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Denis Schryburt awarded Queen’s medal

CFIA celebrates selfless volunteer

Schryburt is presented with his Queen Elizabeth II Diamond Jubilee medal Jan 25 by CFIA executive director of public affairs Janice Snyder, left. Schryburt's proud mother, Cécile, right, was on hand to witness the ceremony. Credit: Courtesy of Denis Schryburt.
When the Canadian Food Inspection Agency (CFIA) was allotted close to two dozen Queen Elizabeth II Diamond Jubilee medals to distribute Jan 25, Denis Schryburt’s name easily made the list, says the agency’s head of public affairs.
“Denis embodies the true spirit of a public servant,” Janice Snyder says. “In everything he does, both at work and in the community, he’s serving the public. He makes a great contribution to making his community a better place to live in.”
Schryburt began his career on Parliament Hill as the press secretary for heritage minister Liza Frulla. He then ran MP Ruby Dhalla’s office before transitioning to his current position as the supervisor for public opinion and inquiries at CFIA.
An integral part of Ottawa’s queer community for more than a decade, Schryburt has volunteered on several organizations and managed countless events.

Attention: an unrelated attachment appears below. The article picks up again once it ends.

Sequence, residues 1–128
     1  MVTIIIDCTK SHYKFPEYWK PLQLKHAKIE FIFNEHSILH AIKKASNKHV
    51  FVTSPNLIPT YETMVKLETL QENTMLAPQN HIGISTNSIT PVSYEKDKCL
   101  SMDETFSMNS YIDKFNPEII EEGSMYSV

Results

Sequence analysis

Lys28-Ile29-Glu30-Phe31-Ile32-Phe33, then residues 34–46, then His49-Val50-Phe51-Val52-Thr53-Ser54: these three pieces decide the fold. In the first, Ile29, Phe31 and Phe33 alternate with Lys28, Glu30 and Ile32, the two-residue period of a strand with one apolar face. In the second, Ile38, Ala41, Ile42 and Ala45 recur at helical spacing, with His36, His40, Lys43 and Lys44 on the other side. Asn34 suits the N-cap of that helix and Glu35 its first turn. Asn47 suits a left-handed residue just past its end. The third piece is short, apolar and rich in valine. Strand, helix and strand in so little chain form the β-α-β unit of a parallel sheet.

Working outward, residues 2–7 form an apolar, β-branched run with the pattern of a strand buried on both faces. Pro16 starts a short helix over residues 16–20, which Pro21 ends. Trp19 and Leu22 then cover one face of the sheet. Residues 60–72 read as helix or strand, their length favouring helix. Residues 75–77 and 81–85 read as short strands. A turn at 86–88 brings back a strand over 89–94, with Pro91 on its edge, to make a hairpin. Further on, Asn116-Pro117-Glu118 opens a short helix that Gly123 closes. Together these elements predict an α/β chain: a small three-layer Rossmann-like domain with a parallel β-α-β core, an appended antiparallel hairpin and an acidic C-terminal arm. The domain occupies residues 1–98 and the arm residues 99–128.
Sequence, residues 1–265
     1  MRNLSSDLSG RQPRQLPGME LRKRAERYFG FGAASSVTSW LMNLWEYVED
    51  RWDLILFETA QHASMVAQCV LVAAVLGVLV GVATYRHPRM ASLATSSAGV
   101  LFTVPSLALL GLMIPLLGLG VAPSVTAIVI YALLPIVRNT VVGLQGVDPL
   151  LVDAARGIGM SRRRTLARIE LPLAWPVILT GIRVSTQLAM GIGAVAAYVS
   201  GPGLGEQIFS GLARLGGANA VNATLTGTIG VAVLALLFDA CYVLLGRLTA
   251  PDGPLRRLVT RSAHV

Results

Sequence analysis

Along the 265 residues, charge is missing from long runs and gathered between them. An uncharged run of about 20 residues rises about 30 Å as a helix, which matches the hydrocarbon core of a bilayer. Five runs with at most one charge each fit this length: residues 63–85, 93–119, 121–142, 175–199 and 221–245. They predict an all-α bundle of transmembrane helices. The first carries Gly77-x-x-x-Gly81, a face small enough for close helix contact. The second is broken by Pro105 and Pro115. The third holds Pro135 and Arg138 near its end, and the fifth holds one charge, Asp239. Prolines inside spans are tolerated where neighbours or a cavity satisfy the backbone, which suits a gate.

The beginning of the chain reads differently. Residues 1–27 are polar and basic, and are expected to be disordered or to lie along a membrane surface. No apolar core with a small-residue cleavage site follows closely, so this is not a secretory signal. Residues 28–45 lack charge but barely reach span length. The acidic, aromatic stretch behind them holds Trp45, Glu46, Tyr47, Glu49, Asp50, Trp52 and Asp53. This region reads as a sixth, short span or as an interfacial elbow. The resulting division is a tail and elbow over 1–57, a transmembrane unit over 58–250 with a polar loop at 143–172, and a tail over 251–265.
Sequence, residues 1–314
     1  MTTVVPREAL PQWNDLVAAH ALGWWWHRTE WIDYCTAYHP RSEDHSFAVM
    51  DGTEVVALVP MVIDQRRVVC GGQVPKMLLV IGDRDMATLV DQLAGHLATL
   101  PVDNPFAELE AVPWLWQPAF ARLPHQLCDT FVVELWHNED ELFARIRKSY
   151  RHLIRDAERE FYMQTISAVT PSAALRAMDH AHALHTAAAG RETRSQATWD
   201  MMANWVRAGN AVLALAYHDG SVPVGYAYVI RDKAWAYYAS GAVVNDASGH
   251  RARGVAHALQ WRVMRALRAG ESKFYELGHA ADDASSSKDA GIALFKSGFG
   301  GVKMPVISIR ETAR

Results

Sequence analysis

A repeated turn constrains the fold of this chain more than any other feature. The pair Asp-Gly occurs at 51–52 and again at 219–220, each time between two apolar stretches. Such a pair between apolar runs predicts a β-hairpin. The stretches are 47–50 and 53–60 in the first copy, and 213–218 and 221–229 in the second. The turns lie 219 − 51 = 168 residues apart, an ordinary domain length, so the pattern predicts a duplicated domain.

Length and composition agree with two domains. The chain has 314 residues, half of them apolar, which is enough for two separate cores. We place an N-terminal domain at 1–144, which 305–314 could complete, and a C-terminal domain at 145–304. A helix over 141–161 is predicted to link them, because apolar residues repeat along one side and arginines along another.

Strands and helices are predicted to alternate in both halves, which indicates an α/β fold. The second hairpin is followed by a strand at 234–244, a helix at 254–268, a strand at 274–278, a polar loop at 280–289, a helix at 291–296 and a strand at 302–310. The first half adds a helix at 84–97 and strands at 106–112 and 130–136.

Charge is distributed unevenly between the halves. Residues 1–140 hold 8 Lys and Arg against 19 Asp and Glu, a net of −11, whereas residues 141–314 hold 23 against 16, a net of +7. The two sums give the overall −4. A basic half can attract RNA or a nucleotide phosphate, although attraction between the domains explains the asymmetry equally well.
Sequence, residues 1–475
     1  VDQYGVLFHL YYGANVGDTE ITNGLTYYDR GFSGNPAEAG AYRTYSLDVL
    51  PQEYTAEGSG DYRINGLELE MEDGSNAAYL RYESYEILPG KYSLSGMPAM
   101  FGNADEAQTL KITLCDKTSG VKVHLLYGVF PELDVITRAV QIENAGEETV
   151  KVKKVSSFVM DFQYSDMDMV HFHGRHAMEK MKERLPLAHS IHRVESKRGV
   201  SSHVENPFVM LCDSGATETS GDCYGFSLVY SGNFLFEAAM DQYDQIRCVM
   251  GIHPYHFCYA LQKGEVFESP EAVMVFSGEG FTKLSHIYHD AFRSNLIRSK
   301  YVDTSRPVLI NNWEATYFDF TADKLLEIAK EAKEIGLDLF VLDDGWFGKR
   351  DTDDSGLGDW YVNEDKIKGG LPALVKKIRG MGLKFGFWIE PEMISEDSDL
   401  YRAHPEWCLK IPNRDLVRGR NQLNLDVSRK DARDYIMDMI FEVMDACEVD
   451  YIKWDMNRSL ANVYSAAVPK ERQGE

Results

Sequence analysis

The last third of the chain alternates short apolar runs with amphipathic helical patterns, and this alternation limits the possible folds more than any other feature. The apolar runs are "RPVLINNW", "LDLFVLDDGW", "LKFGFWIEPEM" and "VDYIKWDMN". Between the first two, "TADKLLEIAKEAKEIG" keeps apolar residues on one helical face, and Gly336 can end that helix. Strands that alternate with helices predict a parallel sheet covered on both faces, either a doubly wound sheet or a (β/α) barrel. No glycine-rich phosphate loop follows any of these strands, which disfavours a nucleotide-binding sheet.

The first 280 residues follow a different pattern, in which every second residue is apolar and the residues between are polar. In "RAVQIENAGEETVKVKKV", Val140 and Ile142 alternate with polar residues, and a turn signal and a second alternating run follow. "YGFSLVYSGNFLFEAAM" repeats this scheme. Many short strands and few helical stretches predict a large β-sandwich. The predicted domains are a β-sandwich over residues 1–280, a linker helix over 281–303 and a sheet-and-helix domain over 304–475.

Gary Leger works with Schryburt as the community vice co-chair of the Ottawa Police Service LGBT liaison committee. Leger says it is Schryburt’s selflessness that sets him apart from other philanthropists.
“He puts the community’s interest first. It makes a big difference. A lot of people walk in with self-serving interests,” Leger says. “Out of everyone that I’ve worked with in the community, Denis is probably the one I’ve had the best working relationship with.”

“It’s such a great reward to give back to the community,” Schryburt says. “I’ve been part of the community in Ottawa my entire life. I’ve enjoyed every minute of it.”
Schryburt also worked as director of regional development on the Ontario Gay and Lesbian Chamber of Commerce (OGLCC) for five years.
OGLCC president Ryan Tolofson says Schryburt has played a key role in expanding the chamber’s reach outside Toronto.
Schryburt says he considers staging OGLCC’s 2011 summit in Ottawa as his greatest accomplishment with the organization.
Schryburt has also sat on the boards of Pink Triangle Services, the Prosperity Long-Term Care Fund and the AIDS Walk for Life. He says his personal triumph came in 2011 when he founded Eat 2 Defeat Diabetes.
Diabetes runs in Schryburt’s family. Eat 2 Defeat Diabetes raised $5,000 for Camp Banting, for diabetic kids aged eight to 15. Attendees of the camp learn how to manage their disease and avoid complications in the future.
Schryburt is hoping to stage a follow-up event Nov 14 to coincide with World Diabetes Day. He says if you are going to devote your time to a worthy cause, you should be prepared to give it your all.

“If you’re looking for a new year’s resolution, maybe volunteering should be it,” he suggests, encouraging members of Ottawa’s queer community to get involved. “I want people to understand that they don’t have to give up too much time. Even an hour a week, an hour a month, an hour a year can make a huge difference in somebody’s life.”